Court records show Kingston told investigators that he was present at a dinner in 2012 or 2013 when Dermen made a cash payment to then-Los Angeles County Sheriff Lee Baca.

Although he has never been convicted of a crime, Dermen — formerly known as Levon Termendzhyan — has been identified by authorities in California as a suspected crime figure. Central to the criminal case is that Dermen bragged that he could use his connections with state and federal law enforcement officials to protect himself and his alleged co-conspirators from investigators.

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The first two weeks of what is expected to be a two-month trial featured the testimony of Kingston, a high-ranking member of the Davis County Cooperative Society, also known as the Order. Kingston told jurors that $30 million from the fraud operation was donated to the sect.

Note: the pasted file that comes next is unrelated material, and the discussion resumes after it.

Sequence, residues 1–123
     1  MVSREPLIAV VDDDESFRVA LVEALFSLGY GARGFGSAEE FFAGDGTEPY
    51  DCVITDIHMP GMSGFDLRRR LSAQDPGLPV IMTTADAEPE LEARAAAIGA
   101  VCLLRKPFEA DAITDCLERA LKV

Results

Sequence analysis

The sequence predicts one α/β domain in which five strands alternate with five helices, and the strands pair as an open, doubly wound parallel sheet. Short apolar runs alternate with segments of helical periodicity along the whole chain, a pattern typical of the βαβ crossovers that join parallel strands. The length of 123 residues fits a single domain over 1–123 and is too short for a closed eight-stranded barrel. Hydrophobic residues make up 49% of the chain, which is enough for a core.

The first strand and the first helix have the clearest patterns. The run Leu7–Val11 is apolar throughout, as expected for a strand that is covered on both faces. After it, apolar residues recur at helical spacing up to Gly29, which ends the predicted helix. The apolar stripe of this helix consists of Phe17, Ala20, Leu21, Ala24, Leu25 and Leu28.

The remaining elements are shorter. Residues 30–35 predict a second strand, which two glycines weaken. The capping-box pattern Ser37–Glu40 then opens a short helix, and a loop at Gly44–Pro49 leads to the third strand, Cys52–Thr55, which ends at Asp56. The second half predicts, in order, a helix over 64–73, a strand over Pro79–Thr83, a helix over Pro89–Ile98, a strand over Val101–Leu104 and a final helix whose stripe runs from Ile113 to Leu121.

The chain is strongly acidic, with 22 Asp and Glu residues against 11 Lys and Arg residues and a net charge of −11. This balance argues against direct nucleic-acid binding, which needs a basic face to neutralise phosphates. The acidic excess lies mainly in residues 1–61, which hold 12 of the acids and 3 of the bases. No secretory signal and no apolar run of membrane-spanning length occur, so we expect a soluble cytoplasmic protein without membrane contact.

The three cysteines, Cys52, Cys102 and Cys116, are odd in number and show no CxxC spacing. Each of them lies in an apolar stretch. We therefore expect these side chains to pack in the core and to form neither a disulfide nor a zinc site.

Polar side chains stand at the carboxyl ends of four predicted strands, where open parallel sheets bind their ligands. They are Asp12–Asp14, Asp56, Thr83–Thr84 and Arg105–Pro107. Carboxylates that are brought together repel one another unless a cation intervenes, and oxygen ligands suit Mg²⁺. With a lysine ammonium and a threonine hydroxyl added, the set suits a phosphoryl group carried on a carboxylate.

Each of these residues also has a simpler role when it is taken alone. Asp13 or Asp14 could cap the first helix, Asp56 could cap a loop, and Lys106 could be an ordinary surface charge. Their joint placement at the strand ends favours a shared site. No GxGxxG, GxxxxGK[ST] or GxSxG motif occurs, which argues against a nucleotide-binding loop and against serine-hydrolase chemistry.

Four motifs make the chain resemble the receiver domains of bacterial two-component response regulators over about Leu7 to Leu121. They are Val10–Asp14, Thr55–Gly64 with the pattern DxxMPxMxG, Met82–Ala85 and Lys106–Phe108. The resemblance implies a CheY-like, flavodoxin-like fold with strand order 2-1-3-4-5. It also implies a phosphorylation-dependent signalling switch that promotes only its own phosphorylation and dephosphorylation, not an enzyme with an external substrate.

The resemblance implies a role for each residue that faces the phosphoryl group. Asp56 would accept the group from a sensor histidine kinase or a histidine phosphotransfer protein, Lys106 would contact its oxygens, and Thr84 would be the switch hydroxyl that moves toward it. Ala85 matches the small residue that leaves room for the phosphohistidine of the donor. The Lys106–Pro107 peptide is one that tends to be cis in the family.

Kingston was CEO of Washakie Renewable Energy Co., which was at the core of the alleged massive fraud to get federal tax credits for what the company falsely claimed was biofuel produced in its Utah refinery. By transporting a load of biodiesel fuel in and out of the country and allegedly falsifying reports to the federal Environmental Protection Agency, Kingston said he and Dermen were able to get more than $2 per gallon in payments and renewable fuel credits over and over again for the same supply of fuel.

Heading out of the country to India and Panama, the fuel would be labeled as “biodiesel,” but coming back into California and Texas ports the same fuel would be relabeled as “feedstock” or any of the various plant oils and cooking grease used in the production of biodiesel. Kingston and company would then falsely claim that they had refined the feedstock in the Utah refinery in order to receive the millions of dollars in federal incentives, according to the federal charges.

At one point in his testimony, Kingston said that he and Dermen arranged to “rotate” the same 15 million gallons of biodiesel so many times that they were able to claim more than $250 million in federal incentives under the environmental program intended to encourage cleaner burning fuels and energy self-reliance.